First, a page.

A growing trend in the fitness industry is the use of wearable electronic devices to track personal health and training information, such as sleeping patterns, heart rate, running speed, calories burned, current location, and distance and route traveled. These wearable devices are aimed at consumers who want to live healthier lifestyles by letting them track their daily activities to help monitor their fitness progress. Although perhaps helpful for such purposes, using these devices may come at the expense of one’s privacy.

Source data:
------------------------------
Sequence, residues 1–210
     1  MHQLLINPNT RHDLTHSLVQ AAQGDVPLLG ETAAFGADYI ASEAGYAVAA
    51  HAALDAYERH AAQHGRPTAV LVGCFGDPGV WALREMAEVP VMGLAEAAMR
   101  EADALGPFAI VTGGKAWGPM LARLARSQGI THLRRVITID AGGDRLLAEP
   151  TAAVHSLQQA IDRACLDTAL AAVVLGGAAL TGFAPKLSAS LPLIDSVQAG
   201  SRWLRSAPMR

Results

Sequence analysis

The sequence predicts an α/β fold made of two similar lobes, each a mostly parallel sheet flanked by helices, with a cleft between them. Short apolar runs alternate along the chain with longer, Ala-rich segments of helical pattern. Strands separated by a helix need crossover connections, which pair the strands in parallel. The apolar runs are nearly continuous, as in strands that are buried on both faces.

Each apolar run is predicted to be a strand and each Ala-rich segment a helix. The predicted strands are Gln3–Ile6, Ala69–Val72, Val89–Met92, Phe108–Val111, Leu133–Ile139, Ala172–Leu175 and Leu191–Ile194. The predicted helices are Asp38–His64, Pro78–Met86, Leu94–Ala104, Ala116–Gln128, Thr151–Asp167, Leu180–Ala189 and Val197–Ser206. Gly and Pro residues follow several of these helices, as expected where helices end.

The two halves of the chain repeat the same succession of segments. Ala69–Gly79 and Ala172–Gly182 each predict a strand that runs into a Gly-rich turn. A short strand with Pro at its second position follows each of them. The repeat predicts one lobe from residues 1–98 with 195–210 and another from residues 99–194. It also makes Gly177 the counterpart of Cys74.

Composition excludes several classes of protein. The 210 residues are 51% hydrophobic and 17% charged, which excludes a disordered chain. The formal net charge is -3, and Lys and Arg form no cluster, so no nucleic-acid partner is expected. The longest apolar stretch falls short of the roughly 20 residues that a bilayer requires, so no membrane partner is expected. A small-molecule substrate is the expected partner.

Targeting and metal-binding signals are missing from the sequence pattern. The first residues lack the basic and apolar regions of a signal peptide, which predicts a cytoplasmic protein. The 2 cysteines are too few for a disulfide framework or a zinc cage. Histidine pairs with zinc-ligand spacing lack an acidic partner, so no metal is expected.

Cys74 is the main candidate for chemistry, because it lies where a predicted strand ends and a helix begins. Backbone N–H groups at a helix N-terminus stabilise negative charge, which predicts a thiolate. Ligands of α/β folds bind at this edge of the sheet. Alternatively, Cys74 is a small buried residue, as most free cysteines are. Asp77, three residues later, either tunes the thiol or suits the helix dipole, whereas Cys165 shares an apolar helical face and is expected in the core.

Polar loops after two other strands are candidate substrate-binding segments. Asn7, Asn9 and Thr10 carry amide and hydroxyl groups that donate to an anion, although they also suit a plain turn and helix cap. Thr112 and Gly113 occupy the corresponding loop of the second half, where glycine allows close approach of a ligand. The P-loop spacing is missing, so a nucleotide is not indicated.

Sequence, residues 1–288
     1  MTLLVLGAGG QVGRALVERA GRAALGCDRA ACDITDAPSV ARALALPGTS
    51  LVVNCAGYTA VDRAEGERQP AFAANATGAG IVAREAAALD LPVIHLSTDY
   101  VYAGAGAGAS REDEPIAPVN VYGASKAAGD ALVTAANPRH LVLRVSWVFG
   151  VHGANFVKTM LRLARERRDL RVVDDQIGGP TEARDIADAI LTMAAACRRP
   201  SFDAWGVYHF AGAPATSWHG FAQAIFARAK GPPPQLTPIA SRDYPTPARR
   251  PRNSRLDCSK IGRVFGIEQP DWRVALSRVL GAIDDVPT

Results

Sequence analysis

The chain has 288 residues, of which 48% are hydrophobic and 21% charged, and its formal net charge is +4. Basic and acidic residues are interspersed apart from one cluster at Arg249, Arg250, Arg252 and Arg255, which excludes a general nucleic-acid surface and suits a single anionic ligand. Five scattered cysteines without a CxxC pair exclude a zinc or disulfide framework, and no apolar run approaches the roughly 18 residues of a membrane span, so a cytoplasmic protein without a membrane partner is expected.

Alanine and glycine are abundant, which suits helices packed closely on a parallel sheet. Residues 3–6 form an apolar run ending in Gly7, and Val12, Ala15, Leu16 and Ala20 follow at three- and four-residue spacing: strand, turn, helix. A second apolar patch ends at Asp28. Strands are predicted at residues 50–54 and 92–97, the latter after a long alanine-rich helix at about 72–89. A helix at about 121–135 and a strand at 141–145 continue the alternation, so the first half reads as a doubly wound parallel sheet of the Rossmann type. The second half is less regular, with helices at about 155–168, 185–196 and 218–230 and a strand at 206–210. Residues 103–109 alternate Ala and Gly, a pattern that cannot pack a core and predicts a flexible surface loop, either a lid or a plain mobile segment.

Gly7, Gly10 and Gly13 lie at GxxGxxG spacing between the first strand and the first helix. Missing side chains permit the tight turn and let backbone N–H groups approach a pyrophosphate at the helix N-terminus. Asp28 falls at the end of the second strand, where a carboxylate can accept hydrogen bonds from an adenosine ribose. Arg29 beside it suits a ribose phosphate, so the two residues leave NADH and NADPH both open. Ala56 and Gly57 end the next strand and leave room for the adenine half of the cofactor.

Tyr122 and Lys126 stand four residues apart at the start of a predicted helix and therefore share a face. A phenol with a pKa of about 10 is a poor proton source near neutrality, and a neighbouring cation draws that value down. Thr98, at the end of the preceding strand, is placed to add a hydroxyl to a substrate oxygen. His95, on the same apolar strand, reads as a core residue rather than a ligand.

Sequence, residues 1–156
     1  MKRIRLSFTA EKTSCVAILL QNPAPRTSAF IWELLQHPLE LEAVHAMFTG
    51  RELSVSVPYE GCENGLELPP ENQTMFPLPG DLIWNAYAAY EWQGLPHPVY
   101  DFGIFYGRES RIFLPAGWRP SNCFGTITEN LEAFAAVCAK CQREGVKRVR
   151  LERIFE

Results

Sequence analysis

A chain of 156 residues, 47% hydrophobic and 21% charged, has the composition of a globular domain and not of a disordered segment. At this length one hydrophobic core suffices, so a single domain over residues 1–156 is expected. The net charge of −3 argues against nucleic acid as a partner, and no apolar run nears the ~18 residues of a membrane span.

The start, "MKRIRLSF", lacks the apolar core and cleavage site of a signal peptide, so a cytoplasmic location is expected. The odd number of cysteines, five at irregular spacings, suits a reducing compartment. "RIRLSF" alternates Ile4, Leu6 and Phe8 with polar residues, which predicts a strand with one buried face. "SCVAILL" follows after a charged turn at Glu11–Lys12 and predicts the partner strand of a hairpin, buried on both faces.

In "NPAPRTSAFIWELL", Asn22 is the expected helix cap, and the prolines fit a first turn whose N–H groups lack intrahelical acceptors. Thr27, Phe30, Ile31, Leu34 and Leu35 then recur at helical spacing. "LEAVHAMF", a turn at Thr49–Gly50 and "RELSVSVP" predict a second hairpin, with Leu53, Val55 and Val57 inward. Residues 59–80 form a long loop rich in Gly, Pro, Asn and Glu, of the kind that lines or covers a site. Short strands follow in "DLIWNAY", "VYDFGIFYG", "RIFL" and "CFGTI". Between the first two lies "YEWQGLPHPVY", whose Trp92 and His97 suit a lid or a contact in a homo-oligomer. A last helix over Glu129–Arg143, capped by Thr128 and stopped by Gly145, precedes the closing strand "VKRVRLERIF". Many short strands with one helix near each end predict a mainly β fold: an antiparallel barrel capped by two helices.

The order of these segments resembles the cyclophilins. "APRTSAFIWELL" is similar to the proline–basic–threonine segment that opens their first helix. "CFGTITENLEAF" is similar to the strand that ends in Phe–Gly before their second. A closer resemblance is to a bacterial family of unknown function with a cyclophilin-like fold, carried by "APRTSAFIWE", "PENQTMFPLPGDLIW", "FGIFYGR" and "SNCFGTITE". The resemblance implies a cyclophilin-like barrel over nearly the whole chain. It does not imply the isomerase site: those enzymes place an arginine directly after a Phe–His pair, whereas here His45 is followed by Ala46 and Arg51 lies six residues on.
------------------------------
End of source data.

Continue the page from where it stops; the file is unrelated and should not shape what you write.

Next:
Users of wearable fitness devices should be aware that manufacturers of the devices may sell users’ personal health and fitness information to third parties without the user’s consent. Because of the potential for sharing personal information, users should read the privacy policy associated with the device to gain a better understanding of the data that will be collected by the device (and, subsequently, by the manufacturer of the device) and to what extent the manufacturer may resell, reuse, or repurpose this data. To further protect themselves, users may consider opting out of the device’s data-sharing functions entirely. An August 2014 article in CIO magazine provides several tips on how to read and understand privacy policies for wearable devices.